We learnt two key things about Labour’s approach to foreign policy during David Lammy’s speech at the Fabian Society today.
First, Labour will frame its £28bn-a-year Green Prosperity Plan as a response to the US Inflation Reduction Act, which funnelled billions of dollars of tax credits into green industries. That’s smart. Polling for the New Statesman has found that the Green Prosperity Plan, while popular, attracted much more opposition (31 per cent) than the other Labour policies surveyed. The shadow foreign secretary knows his brief won’t dominate the next election but, as he set out at Chatham House in January, he believes that our problems at home – from inflation to energy security – are shaped by what the government does abroad. Connecting the green investment policy, which is Labour’s most expensive, in voters’ minds to trade and economic growth could help to boost its popularity.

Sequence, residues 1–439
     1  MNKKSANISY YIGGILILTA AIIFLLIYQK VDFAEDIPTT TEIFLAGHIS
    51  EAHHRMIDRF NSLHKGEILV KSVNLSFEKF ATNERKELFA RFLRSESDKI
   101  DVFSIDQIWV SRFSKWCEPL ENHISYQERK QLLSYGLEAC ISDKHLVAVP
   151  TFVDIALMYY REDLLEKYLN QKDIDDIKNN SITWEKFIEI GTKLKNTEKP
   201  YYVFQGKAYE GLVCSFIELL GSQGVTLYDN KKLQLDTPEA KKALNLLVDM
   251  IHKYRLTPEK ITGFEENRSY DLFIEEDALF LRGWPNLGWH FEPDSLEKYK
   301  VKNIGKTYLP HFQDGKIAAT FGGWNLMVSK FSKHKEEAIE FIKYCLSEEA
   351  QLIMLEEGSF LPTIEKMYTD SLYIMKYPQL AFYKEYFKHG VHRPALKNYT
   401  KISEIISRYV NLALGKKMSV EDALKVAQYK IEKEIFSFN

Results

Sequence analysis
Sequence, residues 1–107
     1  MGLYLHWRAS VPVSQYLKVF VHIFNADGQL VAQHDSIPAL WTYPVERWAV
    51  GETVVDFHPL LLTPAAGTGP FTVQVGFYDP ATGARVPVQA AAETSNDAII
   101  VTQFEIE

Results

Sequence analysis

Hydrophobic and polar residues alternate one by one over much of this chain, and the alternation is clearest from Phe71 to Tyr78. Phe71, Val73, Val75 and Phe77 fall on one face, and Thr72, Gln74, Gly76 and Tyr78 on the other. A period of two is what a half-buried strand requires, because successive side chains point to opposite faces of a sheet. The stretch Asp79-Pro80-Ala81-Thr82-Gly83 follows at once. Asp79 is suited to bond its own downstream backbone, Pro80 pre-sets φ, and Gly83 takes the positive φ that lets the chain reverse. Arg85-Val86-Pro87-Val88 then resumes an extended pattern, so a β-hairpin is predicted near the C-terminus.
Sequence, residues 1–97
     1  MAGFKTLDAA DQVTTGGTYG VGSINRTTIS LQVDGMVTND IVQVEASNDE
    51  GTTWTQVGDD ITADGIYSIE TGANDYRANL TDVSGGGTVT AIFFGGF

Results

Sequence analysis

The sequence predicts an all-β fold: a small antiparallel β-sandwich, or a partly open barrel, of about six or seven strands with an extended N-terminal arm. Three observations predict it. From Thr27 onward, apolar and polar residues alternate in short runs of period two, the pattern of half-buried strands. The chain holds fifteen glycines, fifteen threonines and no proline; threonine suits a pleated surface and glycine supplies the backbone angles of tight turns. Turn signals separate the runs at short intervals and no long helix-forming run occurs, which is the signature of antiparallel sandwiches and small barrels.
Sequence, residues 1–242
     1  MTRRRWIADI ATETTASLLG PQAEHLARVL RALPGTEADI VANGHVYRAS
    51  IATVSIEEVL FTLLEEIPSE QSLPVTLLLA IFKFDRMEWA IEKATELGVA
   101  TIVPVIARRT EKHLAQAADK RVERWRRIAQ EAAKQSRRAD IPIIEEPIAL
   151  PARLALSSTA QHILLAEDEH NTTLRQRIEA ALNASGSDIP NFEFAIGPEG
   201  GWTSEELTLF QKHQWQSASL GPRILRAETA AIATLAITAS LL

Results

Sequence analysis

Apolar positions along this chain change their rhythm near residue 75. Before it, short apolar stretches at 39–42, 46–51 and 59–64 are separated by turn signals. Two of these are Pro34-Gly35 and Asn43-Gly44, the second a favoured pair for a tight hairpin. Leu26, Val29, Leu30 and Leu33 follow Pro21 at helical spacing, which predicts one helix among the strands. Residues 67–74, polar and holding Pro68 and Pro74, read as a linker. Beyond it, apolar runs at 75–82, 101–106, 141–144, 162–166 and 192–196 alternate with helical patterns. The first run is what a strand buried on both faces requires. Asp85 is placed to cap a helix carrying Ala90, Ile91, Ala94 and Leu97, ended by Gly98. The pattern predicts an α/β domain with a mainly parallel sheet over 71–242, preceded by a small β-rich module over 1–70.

Second, Lammy seemed to equivocate on Labour’s position as to whether China is committing genocide against the Uyghurs. He said that a Labour government would declare that China’s treatment of the Uyghurs amounts to genocide, but when pressed on the implications of this by Politico’s Eleni Courea, he replied: “What I’ve said is we will act multilaterally with our partners. Parliament took a decision about genocide. The international community is very concerned about genocide. But I’m absolutely clear that my description of China is that it is a ‘strategic competitor’. The government has arrived at that position, and I accept that to be the case.”
That suggests Lammy may have jumped the gun with his first answer, and that he was referring to Labour MPs voting to accuse China of genocide in 2021, not the position of a future Labour government – a vital distinction. Accusing one of our largest trading partners of genocide could carry with it obligations for the government to act. Lammy is keen to stress Labour will take a multilateral approach on China. That the US government has made its own declaration of genocide increases the likelihood that a Labour government would do the same, but Labour doesn’t seem ready to take a decision yet.
[See also: Uyghur detention camps: a special report on China and a culture under attack]